Here's the catch: We didn't know a single soul in the city, but we packed up and moved here 3 days after I retired. Therefore, after we completed most of the tasks associated with creating a new home, I would wake up with a spouse away at the office and think "What now?" Within a few short months, I was volunteering for two organizations in addition to weekly tai chi. Not only did that give me meaningful work, it linked me (and my DH) into a new network of friends. Another benefit I would touch on was offered by newneglandgirl a few posts back - my regular cycle of volunteering and other chores and engagements put some structure into my week. Gosh - you live in NYC! If there is any place where you could find volunteer work or social interest groups, I can't imagine a better place.

Another thing I would suggest is that you get out of your apartment at least once each day. With the amenities my building offers, it would be possible to go a week without venturing outside. Whether it's to buy groceries, pick up a greeting card, check on some theater tickets, see a film, visit a museum, grab a coffee or simply walk to the park, I get out into the open air. I find doing one of these things gives me some sort of interaction with other people, breaking what could be long spells of being alone. I do this almost every day, warm or cold, unless it is pouring rain or ungodly hot and sticky.

I realize this is is coming from someone who has a spouse at home each evening. That said, I hope you are not totally isolated and have at least one friend you can meet for coffee, a movie or some other activity.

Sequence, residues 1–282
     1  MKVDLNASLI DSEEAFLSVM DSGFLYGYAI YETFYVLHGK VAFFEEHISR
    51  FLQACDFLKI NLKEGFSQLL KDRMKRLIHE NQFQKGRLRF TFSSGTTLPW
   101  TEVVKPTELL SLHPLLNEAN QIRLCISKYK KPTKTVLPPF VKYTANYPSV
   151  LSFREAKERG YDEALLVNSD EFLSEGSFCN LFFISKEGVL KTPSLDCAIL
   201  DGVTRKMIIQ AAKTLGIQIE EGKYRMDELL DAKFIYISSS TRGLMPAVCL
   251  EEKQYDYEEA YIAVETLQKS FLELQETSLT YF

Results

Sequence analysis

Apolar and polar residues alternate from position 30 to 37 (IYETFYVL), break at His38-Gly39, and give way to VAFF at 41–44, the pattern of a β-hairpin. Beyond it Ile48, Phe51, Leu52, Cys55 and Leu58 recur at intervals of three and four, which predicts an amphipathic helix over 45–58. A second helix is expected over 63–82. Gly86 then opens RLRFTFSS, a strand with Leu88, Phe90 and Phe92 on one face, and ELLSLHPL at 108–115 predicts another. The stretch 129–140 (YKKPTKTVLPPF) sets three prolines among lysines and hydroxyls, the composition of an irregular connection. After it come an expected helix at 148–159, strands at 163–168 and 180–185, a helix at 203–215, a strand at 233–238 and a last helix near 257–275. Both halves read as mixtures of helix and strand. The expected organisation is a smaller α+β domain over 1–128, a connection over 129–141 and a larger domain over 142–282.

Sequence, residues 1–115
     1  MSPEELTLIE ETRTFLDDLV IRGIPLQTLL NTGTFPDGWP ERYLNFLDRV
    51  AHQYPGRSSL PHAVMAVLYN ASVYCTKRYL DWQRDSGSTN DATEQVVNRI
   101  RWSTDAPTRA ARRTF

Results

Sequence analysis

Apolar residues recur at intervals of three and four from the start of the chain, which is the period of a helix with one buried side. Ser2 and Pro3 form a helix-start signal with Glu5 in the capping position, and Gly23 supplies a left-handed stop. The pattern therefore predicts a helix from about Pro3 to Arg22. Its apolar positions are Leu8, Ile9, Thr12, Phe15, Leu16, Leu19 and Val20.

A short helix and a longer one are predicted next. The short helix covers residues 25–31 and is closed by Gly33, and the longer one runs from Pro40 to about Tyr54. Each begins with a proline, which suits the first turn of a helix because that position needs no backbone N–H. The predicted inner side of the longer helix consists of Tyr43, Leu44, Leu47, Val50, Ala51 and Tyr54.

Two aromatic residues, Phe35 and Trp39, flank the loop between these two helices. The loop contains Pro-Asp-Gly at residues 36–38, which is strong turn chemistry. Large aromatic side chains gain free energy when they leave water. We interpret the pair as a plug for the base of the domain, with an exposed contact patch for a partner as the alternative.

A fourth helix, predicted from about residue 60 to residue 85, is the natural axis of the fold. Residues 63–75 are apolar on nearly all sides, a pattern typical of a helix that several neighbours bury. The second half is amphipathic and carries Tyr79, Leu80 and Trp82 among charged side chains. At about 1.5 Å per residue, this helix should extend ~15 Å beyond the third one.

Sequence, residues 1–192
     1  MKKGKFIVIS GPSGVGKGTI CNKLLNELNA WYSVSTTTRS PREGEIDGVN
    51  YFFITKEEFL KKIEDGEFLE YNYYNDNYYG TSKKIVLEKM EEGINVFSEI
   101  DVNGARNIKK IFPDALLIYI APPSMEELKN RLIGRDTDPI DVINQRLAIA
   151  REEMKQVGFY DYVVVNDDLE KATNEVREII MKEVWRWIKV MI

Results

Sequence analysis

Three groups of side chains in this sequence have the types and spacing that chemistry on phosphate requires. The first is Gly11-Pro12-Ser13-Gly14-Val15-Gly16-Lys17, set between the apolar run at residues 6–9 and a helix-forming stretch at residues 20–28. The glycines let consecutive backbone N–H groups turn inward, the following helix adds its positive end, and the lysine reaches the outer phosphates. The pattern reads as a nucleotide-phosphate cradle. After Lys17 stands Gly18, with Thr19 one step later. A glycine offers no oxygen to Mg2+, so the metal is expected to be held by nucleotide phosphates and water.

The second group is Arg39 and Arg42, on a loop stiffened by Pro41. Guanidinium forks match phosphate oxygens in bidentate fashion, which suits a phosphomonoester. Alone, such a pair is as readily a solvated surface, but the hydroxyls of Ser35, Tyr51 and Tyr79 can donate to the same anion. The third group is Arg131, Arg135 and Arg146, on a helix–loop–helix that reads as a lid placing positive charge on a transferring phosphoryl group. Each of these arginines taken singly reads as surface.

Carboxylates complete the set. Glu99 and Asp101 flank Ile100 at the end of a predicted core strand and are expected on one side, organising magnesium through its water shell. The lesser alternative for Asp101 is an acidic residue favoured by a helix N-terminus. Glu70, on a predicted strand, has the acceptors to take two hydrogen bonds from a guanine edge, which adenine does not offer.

I hope you find some of the suggestions I've offered above are of value to you. Best of luck to you.

Last edited by Pine to Vine; 04-28-2014 at 03:56 PM.. Reason: a somewhat more legible version
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Old 04-28-2014, 04:10 PM
 
Location: Los Angeles area
14,018 posts, read 17,735,102 times
Reputation: 32304
Default Structure

Quote:
Originally Posted by jm02 View Post
..... - my volunteering put some structure into my week....
Since all our personalities are different, some of us need more structure than others. I, like you - and like it seems the OP too is now discovering - need some structure. I don't mean every day, but ultimately I would feel that aimlessness - being at loose ends - if I didn't have some specific activities that I had committed to. Some lazy days with absolutely nothing to do are great, even a month or two of such days can help us detox right after retirement from a stressful and demanding job. But ultimately......

These discussions are fairly common on the City-Data Retirement Forum. I remember posters saying, "No volunteer work for me - it's working and not even getting paid and I retired to leave work behind." Well, O.K., if their lives are happy there is certainly no reason to insist they are missing something by not volunteering. However, I would make these points:

1. Volunteer work, unlike paid full-time work, can be done one day a week, or two days a week, or whatever and it doesn't even need to be a full eight-hour day.